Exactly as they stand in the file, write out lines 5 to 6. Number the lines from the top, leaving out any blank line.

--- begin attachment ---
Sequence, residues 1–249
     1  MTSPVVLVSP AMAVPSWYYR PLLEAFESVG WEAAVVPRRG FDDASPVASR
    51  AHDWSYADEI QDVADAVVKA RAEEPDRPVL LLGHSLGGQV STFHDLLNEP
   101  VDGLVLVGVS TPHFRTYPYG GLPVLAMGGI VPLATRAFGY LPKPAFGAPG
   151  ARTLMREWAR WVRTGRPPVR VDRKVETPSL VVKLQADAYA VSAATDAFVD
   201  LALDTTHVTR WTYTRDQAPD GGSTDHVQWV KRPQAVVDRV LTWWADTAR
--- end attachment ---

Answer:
   151  ARTLMREWAR WVRTGRPPVR VDRKVETPSL VVKLQADAYA VSAATDAFVD
   201  LALDTTHVTR WTYTRDQAPD GGSTDHVQWV KRPQAVVDRV LTWWADTAR